St. Paul Croatian Ex-CEO Pleads Guilty
Former St. Paul Croatian FCU President/CEO Anthony Raguz, whose actions helped trigger one of the largest credit union failures in history, pleaded guilty on Sept. 29 to six criminal counts, including bank fraud, money laundering and bank bribery in federal court in Cleveland.
Raguz, one of 16 people charged by federal prosecutors in connection with last year’s collapse of the credit union, issued more than 1,000 fraudulent loans totaling more than $70 million to over 300 accountholders at St. Paul from 2000 to 2010.
According to the plea agreement, Raguz admitted that he made the loans without requiring collateral and knew the borrowers had few assets, no employment history and often used fictitious names. He accepted bribes totaling $1 million to approve the loans, according to the original indictment.
The NCUA conserved and then closed the $240 million credit union, located in the Cleveland suburb of Eastlake, Ohio, last year. The failure cost the NCUSIF $170 million.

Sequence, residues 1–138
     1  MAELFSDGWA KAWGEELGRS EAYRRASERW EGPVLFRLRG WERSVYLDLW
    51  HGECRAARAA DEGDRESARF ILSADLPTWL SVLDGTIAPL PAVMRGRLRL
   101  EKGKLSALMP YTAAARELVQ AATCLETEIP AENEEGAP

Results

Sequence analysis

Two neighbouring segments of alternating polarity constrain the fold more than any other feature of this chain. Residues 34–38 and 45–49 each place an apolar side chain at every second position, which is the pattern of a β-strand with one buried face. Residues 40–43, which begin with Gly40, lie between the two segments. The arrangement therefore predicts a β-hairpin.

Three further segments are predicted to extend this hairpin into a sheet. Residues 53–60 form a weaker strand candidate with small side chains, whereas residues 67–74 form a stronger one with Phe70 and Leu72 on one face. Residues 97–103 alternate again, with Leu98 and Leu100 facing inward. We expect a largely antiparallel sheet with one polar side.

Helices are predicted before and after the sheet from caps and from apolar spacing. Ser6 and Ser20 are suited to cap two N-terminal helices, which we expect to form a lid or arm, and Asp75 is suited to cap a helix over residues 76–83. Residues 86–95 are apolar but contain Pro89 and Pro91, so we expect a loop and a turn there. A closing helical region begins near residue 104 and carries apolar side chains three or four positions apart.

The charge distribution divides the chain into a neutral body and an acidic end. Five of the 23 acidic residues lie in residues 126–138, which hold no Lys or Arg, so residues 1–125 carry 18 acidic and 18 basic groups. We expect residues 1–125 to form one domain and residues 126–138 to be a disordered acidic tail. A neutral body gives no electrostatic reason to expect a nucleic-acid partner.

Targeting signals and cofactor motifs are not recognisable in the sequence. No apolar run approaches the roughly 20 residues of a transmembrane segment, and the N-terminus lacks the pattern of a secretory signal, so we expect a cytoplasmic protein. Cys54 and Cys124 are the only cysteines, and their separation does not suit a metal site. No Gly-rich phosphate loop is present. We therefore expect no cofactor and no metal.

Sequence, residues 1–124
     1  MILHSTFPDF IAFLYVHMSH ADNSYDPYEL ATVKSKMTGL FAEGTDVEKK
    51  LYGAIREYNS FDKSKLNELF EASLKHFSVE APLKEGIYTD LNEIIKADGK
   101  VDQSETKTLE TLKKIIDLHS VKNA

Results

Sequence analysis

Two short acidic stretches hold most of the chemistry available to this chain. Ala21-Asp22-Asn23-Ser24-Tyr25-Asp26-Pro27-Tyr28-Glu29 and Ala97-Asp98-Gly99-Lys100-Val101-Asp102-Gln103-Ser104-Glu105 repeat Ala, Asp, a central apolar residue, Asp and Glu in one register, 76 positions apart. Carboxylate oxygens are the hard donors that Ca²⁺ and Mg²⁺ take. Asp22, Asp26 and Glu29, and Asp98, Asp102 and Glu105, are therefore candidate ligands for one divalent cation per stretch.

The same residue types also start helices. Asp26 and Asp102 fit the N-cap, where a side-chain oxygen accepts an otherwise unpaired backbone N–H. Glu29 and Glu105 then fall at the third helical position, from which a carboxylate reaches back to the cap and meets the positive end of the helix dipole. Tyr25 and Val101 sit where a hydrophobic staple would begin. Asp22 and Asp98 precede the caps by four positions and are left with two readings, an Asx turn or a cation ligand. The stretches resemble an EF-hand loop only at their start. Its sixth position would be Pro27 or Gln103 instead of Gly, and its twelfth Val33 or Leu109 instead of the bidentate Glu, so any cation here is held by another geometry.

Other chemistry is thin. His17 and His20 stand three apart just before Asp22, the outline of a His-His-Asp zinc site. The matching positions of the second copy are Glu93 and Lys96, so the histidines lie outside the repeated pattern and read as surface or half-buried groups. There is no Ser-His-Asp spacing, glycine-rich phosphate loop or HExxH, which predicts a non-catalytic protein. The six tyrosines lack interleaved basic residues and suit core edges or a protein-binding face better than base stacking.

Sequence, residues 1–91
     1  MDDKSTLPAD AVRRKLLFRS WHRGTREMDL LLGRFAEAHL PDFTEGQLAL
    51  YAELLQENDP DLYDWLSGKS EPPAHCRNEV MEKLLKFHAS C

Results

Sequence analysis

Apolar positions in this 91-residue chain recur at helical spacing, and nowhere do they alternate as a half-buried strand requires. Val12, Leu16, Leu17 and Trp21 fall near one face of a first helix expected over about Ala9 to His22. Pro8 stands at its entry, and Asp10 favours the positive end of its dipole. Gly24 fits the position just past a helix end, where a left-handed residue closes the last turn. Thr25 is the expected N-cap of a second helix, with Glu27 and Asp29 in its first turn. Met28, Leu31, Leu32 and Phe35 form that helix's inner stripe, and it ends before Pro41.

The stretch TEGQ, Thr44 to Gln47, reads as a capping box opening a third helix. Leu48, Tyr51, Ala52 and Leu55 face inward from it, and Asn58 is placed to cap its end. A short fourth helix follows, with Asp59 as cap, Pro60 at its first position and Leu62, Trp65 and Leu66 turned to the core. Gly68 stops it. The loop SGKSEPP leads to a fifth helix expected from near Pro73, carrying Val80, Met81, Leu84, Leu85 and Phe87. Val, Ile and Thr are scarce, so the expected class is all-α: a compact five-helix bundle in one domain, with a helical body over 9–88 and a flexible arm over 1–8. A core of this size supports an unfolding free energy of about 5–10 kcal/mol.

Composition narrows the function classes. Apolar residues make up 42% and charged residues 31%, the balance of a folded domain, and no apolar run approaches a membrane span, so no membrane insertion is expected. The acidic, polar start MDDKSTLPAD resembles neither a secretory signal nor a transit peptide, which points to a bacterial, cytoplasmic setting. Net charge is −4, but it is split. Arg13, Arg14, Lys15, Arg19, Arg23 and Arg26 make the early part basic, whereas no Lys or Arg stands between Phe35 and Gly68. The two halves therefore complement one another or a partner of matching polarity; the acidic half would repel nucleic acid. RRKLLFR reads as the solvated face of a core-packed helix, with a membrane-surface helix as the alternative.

“People ought to know that senior bank officials are being held accountable,” Steven M. Dettelbach, United States Attorney for the Northern District of Ohio said in a statement. “Not every bank failure over the last five years is the result of criminal conduct, but when we find criminal conduct, we are absolutely dedicated to investigating and prosecuting those offenses.”
According to court filings, Raguz authorized the fraudulent repayment of old loans with new loans. Raguz also issued checks drawn on his credit union account payable to The Vanguard Group, which is where the money laundering indictment stemmed from.
Raguz's attorney, John Pyle, told The Plain Dealer that his client has forfeited $1 million.
“He's a good man and he made a mistake,” Pyle said of Raguz.
One of the largest recipients of the loans was Koljo Nikolovski, who has been charged with 10 counts of bank fraud, three counts of bank bribery and five counts of money laundering.
Nikololovski, who has been described in media reports as an organized crime figure in Macedonia, is the leading co-defendant and has been accused of fraudulently obtaining loans totaling $5.6 million. He has pleaded not guilty and is in jail awaiting trial.
So far investigations by the U.S. Justice Department and Interpol have found almost $6 million in fraudulent loan proceeds transferred to Macedonian and Albanian bank accounts.
Raguz is scheduled to be sentenced on Jan. 4, but he surrendered to authorities to begin serving time in prison immediately.
Shortly after the agency placed the credit union into conservatorship, Region III Director Alonzo Swann was transferred to another position and subsequently retired from the agency.